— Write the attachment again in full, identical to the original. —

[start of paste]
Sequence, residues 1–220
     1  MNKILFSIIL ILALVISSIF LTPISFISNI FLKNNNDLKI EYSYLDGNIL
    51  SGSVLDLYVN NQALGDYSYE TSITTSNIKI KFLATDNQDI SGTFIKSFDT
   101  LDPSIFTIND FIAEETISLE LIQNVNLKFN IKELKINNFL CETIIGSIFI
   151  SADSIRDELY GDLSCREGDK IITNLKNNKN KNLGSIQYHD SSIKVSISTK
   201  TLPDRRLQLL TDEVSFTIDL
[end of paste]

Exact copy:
Sequence, residues 1–220
     1  MNKILFSIIL ILALVISSIF LTPISFISNI FLKNNNDLKI EYSYLDGNIL
    51  SGSVLDLYVN NQALGDYSYE TSITTSNIKI KFLATDNQDI SGTFIKSFDT
   101  LDPSIFTIND FIAEETISLE LIQNVNLKFN IKELKINNFL CETIIGSIFI
   151  SADSIRDELY GDLSCREGDK IITNLKNNKN KNLGSIQYHD SSIKVSISTK
   201  TLPDRRLQLL TDEVSFTIDL